Now, I want to make sure that the parties understand what this court's policy is with regard to continuances of [termination] hearings. If there's a due process issue where the parties are not able to properly prepare for or participate in the hearing or do not have proper notice of that hearing, continuances will be taken very seriously. If it's a question of whether reasonable efforts have been made and whether additional opportunities for reunification should be afforded, that's an evidentiary issue and ultimately goes to the question of whether termination of parental rights should be granted or not. So the Court is very reluctant, if ever, going to be granting continuances under those circumstances.

The State has a right to present its petition and evidence, and whether the State has provided reasonable efforts or not goes to whether it should be granted or not, not whether the hearing itself should be continued. For those reasons the Court denies the request for the continuance.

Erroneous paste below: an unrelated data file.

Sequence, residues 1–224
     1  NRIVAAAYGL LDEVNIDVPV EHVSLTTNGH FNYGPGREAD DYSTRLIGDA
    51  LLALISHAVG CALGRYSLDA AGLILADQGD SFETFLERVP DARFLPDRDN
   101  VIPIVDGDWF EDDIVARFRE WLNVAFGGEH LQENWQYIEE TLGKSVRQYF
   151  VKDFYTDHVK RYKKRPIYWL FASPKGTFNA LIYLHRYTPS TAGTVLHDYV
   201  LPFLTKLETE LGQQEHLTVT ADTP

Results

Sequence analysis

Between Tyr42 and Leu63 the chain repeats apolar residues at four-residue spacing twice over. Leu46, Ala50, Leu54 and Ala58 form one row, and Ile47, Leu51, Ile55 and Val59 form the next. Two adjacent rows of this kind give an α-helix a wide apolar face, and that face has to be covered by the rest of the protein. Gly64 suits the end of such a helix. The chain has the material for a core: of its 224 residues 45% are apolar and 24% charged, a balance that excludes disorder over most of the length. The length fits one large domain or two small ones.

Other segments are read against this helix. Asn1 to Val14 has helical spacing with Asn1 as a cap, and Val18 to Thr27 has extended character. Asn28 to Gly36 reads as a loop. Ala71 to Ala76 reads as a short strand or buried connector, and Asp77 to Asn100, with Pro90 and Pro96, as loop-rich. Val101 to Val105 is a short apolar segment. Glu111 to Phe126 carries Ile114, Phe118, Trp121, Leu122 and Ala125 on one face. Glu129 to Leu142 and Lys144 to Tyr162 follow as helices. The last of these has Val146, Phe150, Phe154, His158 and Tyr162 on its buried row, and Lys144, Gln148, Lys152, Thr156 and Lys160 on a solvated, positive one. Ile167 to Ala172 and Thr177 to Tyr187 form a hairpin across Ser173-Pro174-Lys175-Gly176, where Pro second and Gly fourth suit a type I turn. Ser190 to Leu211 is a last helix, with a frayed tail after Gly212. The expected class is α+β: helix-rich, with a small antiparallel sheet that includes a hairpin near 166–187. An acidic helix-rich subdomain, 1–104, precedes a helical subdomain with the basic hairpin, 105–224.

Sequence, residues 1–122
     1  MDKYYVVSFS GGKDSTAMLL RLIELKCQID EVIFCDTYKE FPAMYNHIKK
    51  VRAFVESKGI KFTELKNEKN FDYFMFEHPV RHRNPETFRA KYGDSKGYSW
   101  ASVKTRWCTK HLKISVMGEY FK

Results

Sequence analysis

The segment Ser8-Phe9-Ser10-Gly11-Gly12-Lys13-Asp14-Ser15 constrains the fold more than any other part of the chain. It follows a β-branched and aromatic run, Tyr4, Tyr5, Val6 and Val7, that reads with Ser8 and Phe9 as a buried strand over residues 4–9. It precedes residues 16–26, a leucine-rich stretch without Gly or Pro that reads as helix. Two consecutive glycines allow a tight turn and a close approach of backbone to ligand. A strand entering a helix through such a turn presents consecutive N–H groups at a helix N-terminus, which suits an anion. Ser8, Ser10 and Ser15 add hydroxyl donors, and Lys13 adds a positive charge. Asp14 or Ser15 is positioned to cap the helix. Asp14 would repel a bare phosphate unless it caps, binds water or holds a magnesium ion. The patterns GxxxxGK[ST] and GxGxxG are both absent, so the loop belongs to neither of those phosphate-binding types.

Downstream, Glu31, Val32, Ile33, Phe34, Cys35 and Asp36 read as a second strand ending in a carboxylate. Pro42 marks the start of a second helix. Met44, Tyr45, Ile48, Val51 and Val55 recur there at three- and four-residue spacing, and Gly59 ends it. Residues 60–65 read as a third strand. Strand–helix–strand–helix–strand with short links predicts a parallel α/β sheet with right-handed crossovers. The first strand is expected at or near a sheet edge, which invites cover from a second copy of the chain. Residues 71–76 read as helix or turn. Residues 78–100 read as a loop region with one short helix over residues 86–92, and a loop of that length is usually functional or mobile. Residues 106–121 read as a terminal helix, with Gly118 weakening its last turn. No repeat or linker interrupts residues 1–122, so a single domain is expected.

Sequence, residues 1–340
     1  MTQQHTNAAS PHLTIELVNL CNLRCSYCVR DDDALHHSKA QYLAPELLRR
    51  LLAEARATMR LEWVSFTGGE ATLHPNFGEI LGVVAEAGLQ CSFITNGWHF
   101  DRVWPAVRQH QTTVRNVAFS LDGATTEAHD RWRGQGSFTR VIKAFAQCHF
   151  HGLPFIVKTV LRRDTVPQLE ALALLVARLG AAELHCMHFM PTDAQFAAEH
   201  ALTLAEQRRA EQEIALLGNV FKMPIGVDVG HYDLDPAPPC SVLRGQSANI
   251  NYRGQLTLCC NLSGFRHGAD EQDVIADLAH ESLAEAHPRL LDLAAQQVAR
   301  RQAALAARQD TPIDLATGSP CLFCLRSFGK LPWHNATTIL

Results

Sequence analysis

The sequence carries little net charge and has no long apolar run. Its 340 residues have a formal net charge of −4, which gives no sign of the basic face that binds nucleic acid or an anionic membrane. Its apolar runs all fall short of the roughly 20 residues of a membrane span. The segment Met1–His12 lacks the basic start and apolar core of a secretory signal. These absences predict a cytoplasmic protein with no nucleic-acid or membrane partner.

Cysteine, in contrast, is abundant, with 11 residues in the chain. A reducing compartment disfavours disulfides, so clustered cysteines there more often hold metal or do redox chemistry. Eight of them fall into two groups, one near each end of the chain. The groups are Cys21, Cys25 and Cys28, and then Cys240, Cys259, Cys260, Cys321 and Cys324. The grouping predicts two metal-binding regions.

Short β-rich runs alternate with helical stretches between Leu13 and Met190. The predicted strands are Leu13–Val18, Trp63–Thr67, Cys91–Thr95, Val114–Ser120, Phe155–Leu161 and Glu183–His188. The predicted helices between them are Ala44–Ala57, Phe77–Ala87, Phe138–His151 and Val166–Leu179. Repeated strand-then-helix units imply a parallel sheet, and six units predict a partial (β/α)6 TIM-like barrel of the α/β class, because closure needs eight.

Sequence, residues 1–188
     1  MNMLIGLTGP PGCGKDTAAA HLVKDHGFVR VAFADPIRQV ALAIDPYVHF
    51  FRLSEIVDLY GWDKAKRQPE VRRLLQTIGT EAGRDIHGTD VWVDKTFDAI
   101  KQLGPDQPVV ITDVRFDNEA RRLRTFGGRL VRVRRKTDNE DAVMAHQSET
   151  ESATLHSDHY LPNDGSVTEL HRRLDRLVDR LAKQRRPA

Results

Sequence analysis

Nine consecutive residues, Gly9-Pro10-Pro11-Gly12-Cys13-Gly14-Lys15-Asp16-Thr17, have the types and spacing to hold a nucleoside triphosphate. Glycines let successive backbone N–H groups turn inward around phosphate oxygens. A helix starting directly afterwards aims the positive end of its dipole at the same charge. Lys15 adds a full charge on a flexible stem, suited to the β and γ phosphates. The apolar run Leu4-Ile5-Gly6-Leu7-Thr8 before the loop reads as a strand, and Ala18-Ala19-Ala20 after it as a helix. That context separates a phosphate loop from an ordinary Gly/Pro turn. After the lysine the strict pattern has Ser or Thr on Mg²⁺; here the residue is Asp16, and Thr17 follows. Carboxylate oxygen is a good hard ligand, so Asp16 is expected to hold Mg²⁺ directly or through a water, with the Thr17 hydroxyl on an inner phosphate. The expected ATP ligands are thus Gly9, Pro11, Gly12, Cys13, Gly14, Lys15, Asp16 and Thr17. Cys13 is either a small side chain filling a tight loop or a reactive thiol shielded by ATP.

If there is a previous order that requires that paternity testing be done, whether this court grants the termination or not or whether it's taken under advisement or not, ultimately that can still be pursued while these matters are pending or—I doubt that the court is going to enter a bench order at the conclusion of testimony today, so that can still be pursued following today's hearing without delaying what is in this child's best interest.

The new social worker testified that paternity testing was not set up for the father because he had not signed a release. She testified she called the Missouri prison one or two times and left a message, but she had not received a return call from anyone.

Two members of the father's family testified; each stated they would be willing to take care of D.F. if it was confirmed the father was biologically related to him. Neither family member had ever met D.F.

D.F.’s caretaker, his half-sibling's paternal grandmother, testified about the strength and closeness of the relationship D.F. and his half-sibling share. She testified she intended to adopt D.F. and make him part of their family permanently.

In its ruling, the juvenile court generally found “that reasonable efforts have been made to achieve the primary permanency goal for the child in interest” but did not specifically rule regarding any issues with the paternity testing. In determining the father had abandoned or deserted D.F., the court found